Two years ago today, I never would've thought I would be where I am. At the time, I was starting off my freshman year at my previous school; a medium-small sized engineering school most people have never heard of. I was a soccer player and just thrilled to pieces that I had the opportunity to play the sport that I love in college.
Freshman year was great! I had gotten actual playing time in games, made some friends and decided I didn't want to be a math major anymore. I couldn't be more thrilled to start my sophomore year that following August.
However, that all quickly changed.
It soon came to my attention that soccer wasn't going to work out. At the time, I was devastated and felt completely lost. That's when I knew I had to make a change. Therefore, I decided to transfer out of my school in hopes of finally attending a big, power-conference school with great academics and even better athletics.
I achieved that goal and haven't looked back since.
If my story resonates with you, I suggest you really think about the following questions before you decide to embark on the long process that is required of you when you decide to transfer to a new college.
Is there anything I can do to make this situation better?
While this may seem obvious, most people don't ask themselves this when deciding to transfer. Many just decide that since they aren't happy in their current situation that they won't be for the entire semester.
Try joining a club, switching roommates or friend groups, or even dropping that incredibly hard class that seems impossible.
While these may not improve your situation, it can give you an idea of what you want to change when transferring universities.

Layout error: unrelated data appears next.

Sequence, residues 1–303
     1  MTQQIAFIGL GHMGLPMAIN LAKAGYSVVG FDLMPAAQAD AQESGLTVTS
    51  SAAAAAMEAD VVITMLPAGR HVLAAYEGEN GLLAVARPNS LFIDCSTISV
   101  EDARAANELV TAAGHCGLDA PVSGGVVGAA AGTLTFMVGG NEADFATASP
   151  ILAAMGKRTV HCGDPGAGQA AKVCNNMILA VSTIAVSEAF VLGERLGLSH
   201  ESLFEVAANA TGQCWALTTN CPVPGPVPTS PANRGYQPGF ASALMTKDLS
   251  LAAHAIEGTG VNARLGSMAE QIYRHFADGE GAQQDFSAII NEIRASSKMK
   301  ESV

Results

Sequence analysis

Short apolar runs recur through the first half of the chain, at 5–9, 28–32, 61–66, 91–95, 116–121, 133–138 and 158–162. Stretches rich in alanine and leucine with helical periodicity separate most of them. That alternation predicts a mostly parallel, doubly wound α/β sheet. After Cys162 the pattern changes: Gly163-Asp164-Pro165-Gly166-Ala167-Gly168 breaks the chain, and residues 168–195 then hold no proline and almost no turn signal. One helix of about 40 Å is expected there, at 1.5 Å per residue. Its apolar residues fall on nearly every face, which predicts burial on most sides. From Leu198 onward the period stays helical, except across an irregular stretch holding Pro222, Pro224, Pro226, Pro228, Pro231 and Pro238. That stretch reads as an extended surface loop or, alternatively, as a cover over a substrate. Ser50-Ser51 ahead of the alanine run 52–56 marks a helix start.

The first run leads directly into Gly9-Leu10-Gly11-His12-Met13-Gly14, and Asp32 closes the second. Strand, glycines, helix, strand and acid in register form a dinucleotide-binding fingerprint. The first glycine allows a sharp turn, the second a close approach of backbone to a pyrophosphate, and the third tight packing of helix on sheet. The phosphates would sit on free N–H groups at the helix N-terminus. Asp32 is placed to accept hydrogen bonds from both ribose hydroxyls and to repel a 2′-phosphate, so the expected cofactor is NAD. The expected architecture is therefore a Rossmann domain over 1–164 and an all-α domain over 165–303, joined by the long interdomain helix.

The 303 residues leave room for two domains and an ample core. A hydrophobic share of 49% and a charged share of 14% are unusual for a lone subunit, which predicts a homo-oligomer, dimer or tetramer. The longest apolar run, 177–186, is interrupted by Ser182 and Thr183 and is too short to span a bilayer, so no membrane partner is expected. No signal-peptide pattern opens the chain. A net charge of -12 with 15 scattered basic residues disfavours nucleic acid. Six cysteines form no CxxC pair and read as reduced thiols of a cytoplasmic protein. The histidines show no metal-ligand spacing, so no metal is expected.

What are my current options?
For many, finishing their current semester or year at their current school seems doable. For others, not so much.
This is where you need to examine what you're willing to give up.
Ask yourself, "Is the situation so unbearable that it would be best to withdraw from the university and live at home until further notice?"
If that's the case, I suggest creating a plan of what to get done while home, so that you don't waste a full year (or semester) doing nothing when you could be working, taking classes at the local community college, or doing activities that can boost your resume.
How will this change my academic career?
If there was one thing I wish I knew before I embarked on my transfer experience, it would be that I probably wouldn't be able to graduate in the "normal" undergraduate time frame of 4 years.
Being an engineering major, the process almost promised me that I would have to add on at least an extra year.
If you're a science, business, or liberal arts major, this might not be true for you. I suggest lightly researching the schools you're considering transferring to before making any rash decisions.
What schools should I apply to?
For me, this was easy. I wanted a big school with a great engineering program and I didn't really care how far from home I was.
This isn't the case for many people. This will take quite a bit of research but it helps if you have an idea of what you want in a university, even if it's just some basic qualities (size, location, academic rigor).
It also helps if you go in with an open mind and ignore any social stigmas or bias.
Will this be worth it in the end?
I am not going to sugarcoat it, transferring schools sucks.
It's long, hard, emotionally draining, and costly. And that's even before you step onto campus. There will be classes that don't transfer correctly or even transfer at all.
You will need to put forth a lot of effort to make this work, whether it be bringing up your GPA to get into that reach school or merely finding a place to live once you commit to your new school.
For some, the extra effort might not seem worth it enough to counteract the negatives of their current school situation. However, transferring could also change your life.
Personally, I can say that transferring not only improved my academic experience, but it also opened my eyes to many other opportunities that I would've never dealt with had I stayed at my previous institution and because of that, it was all worth it in the long run.